, Volume 17, Issue 1, pp 305-327
Date: 29 May 2013

Species richness in urban parks and its drivers: A review of empirical evidence

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Abstract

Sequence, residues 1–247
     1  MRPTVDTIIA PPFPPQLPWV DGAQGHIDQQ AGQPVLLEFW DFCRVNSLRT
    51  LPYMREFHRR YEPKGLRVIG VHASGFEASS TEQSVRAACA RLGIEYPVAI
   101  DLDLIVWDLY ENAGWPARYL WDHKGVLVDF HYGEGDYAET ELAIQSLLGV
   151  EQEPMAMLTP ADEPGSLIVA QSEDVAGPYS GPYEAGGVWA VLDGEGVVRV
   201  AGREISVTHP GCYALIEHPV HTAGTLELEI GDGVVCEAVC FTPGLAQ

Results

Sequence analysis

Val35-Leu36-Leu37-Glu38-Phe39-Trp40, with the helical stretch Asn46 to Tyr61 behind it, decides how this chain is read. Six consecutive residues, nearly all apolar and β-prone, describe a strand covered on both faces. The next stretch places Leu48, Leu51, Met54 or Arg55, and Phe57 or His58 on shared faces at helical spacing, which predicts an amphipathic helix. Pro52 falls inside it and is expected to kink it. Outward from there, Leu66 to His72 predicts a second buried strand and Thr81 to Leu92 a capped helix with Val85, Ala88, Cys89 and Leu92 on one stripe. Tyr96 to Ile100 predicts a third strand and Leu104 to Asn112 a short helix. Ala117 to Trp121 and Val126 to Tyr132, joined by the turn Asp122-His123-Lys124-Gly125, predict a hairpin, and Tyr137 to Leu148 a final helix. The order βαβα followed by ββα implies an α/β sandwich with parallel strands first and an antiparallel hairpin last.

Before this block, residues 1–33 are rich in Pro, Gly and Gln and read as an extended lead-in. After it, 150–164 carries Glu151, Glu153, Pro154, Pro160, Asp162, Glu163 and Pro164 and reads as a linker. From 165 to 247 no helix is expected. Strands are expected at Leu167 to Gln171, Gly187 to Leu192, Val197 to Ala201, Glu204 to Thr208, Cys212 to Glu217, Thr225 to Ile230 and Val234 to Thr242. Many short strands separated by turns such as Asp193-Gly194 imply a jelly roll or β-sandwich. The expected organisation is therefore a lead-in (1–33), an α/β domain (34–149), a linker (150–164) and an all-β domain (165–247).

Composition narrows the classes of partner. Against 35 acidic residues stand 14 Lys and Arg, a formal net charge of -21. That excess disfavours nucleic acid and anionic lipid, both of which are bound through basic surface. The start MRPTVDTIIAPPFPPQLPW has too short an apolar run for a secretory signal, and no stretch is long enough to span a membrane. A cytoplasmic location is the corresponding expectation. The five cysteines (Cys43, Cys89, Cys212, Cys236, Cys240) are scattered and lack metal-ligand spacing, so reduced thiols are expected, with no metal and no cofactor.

There is growing recognition of urban areas as hosts for innovative ways to conserve and promote biodiversity. Parks, as one specific type of urban green space, constitute particularly important biodiversity hotspots in the cityscape. We reviewed empirical findings on the species richness in urban parks across all species groups that have been studied. The aim was to assess and discuss the overall species richness of urban parks, its community attributes and drivers. Search and subsequent selection process resulted in 62 papers from 25 different countries. For all examined species groups, the findings consistently show that parks are among the most species rich types of urban green spaces, but also that exotics constitute large shares, especially of plant species. Key ecological theories like the gradient approach and the island habitat ecological theory, and fundamental ecological relationships such as the species-area relationship are valid despite the manipulated ‘nature’ of parks and the surrounding urban matrix. Most studies surveyed large number of parks and applied ‘multi-scale’ approaches in tests of confounding variables, providing methodological strength. While matrix effects are consistently found to affect species richness negatively, the diversity of habitats and microhabitat heterogeneity contained in urban parks appears as the most decisive factor for the overall species richness. However, a constraint of research to date is the limitation of individual studies to one or a few species groups, rarely bridging between flora and fauna. Adopting ‘multi-species group’ approaches in future research is needed to further advance the understanding of the overall biodiversity of urban parks, and its drivers.